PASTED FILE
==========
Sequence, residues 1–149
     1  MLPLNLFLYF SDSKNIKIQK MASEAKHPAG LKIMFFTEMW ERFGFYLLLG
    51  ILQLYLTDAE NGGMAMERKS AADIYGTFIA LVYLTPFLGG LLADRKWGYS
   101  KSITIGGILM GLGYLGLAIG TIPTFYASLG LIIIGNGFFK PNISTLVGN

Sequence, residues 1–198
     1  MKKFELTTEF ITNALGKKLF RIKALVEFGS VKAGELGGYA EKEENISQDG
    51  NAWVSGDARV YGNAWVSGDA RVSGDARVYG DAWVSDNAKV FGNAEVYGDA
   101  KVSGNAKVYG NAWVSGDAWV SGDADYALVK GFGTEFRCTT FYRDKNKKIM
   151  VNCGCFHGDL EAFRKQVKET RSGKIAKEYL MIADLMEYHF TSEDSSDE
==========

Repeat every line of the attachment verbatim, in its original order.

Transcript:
Sequence, residues 1–149
     1  MLPLNLFLYF SDSKNIKIQK MASEAKHPAG LKIMFFTEMW ERFGFYLLLG
    51  ILQLYLTDAE NGGMAMERKS AADIYGTFIA LVYLTPFLGG LLADRKWGYS
   101  KSITIGGILM GLGYLGLAIG TIPTFYASLG LIIIGNGFFK PNISTLVGN

Sequence, residues 1–198
     1  MKKFELTTEF ITNALGKKLF RIKALVEFGS VKAGELGGYA EKEENISQDG
    51  NAWVSGDARV YGNAWVSGDA RVSGDARVYG DAWVSDNAKV FGNAEVYGDA
   101  KVSGNAKVYG NAWVSGDAWV SGDADYALVK GFGTEFRCTT FYRDKNKKIM
   151  VNCGCFHGDL EAFRKQVKET RSGKIAKEYL MIADLMEYHF TSEDSSDE